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I struggled to find PEM resources for my CT3 year, despite the variety of excellent resources out there. I hope this website will help point you in the right direction. I'm not a PEM expert, but am following the guidance CEM have issued (in the form of a syllabus) to put together this page. This page is not endorsed by CEM, and any mistakes are mine.

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Saturday, 7 September 2013

Abdominal Trauma



The abdomen is the third most injured body part in children, after the head and the chest.

There is a medscape e-learning module here, and a good pdf overview here, here, and another overview here with a summary on page 13. There is some discussion around a case here and some good CT images here. There is an excellent summary about abdominal trauma in children here, which introduces us to some guidelines for careful imaging in children.The anaesthetists at Lewisham wrote a very thorough overview here. There's a good summary of common injuries and their management here.

There is a good CT scan with some SAQs from the PMJ here.

Anatomical differences in children:
- The abdomen is square and becomes more rectangular as the child matures.
- Muscles are thinner, so there is less protection for underlying structures.
- Ribs are more flexible so they are less effective at energy dissipation, so less effective at protecting the upper abdominal structures.
- Solid organs are comparatively larger so are at more risk for injury.
- Attachments are more elastic.
- The intestine is not fully attached within the peritoneal cavity so is more vulnerable to injury due to sudden deceleration and/or abdominal compression.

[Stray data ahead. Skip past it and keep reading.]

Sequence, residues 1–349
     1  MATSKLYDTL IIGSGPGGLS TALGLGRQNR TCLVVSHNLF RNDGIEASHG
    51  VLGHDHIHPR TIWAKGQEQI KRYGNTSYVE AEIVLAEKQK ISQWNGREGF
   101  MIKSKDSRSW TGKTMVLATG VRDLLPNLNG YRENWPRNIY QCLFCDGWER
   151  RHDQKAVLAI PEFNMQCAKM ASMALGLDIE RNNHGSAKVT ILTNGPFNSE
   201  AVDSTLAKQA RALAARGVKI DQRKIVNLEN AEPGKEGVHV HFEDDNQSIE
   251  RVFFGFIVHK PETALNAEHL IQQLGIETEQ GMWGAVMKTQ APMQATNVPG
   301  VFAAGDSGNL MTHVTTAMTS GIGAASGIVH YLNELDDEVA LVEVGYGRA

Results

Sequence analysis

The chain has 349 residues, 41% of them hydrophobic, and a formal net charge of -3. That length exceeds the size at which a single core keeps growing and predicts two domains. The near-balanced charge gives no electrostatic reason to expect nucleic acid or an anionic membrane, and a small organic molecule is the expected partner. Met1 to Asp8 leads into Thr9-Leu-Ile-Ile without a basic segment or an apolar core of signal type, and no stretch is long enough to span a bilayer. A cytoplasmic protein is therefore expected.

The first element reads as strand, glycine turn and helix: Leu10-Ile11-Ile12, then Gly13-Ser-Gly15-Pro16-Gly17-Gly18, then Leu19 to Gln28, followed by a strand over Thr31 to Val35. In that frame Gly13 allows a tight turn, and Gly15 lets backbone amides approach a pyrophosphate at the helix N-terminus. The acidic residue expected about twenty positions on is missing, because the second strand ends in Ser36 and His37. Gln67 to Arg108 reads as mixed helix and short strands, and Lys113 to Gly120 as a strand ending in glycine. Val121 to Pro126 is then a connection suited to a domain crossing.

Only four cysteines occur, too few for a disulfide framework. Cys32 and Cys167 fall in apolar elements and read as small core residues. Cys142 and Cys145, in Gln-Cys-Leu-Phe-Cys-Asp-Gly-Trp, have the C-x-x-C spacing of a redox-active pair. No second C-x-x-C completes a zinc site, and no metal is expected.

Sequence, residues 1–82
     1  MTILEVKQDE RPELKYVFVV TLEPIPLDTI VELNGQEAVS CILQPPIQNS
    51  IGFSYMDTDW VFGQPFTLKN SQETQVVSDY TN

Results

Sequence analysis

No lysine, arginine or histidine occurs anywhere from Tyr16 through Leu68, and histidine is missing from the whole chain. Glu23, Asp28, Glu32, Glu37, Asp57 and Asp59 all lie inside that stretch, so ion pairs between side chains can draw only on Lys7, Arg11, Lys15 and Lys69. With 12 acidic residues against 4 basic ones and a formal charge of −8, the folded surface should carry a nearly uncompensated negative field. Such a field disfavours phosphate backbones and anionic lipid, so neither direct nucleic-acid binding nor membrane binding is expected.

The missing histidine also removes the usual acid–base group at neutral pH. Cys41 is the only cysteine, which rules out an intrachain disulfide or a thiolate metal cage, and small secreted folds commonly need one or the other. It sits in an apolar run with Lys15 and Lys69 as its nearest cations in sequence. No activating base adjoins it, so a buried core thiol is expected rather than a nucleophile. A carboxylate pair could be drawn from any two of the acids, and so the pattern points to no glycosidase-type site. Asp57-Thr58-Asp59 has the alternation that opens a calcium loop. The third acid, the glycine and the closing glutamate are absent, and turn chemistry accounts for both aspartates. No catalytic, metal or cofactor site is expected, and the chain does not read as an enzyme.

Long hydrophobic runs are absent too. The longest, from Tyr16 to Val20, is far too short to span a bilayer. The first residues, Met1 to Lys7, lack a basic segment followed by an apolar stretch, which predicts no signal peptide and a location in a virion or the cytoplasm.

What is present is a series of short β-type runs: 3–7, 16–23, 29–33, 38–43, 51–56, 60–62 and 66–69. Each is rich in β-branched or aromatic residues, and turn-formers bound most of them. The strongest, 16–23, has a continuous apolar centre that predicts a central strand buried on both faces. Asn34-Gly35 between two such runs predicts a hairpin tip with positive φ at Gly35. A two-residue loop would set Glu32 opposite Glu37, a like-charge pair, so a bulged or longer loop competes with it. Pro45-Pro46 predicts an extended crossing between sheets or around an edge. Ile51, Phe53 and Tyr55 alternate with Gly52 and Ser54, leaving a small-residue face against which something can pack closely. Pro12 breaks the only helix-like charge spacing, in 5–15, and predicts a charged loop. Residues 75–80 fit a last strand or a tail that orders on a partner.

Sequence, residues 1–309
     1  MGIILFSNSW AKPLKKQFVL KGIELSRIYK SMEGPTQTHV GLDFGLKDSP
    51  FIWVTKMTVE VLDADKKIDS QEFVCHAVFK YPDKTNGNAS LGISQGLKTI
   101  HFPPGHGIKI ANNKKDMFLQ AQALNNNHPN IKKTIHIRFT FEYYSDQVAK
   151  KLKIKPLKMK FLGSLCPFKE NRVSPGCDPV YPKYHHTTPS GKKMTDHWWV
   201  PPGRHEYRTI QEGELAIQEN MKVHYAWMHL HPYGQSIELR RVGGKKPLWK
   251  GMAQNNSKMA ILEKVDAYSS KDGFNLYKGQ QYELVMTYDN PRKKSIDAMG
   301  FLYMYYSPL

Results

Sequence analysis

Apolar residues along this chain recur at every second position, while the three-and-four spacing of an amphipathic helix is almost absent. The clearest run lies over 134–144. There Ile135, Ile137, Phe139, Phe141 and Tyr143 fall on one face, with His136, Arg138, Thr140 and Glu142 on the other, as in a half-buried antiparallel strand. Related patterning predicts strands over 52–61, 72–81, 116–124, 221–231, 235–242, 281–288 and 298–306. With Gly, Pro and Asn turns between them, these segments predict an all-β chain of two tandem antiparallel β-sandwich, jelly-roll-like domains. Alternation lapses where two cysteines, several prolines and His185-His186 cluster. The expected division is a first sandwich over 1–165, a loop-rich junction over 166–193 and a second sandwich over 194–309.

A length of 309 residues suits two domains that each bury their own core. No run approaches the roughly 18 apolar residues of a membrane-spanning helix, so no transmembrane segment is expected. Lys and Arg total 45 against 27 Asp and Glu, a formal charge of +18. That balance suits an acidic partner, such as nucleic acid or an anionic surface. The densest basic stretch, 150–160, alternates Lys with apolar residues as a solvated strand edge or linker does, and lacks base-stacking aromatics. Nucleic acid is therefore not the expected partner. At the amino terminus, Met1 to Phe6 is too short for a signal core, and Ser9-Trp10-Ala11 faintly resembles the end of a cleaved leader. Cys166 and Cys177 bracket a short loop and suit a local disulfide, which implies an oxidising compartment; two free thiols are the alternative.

- The bladder is more exposed.
- Children's spines are exposed to chance fractures, especially if they are restrained with a lap belt only.
- Abdominal distension from aerophagia is common
- Hypothermia is more likely

Clinical Features
The Seatbelt Sign
The seat belt sign is a good indicator of serious injury. In one review, 78% of patients with a seat belt contusion had intra-abdominal injuries, although all children with injuries also had abdominal pain - not just a seat belt sign.
Lap belts are designed to be worn at or below the anterior superior iliac spine level. In smaller children the belts are in the wrong place, and children can move out of them very easily. The introduction of booster seats has helped to improve this. You are up to 3 times more likely to be injured if you are not properly restrained.

Haematuria
The most common indication for abdominal imaging after trauma in children is reported to be haematuria. Non–urinary tract injury is observed more frequently than urinary tract injury in children with haematuria and asymptomatic hematuria is a low-risk indicator for abdominal injury.

80% of injuries are from blunt mechanism.

Holmes 2012 - decision Rules
Holmes looked at children with blunt torso trauma, and suggested some decision rules for when we should be CTing these patients. The paper has been reviewed on PEMLit. He has listed seven factors that make the injury low risk:
Most patients I've seen with trauma do complain of some abdominal pain -so maybe one or two CTs might be saved! This has a 99.9% negative predictive value.

If we do CT it's pretty good at picking up pathology.  If the patient is stable, ultrasound and serial observation is probably sufficient. There's a suggestion of an algorithm here. In a verbal patient, normal obs, normal examination and no abdominal pain is a pretty good indicator of no abdominal injury.

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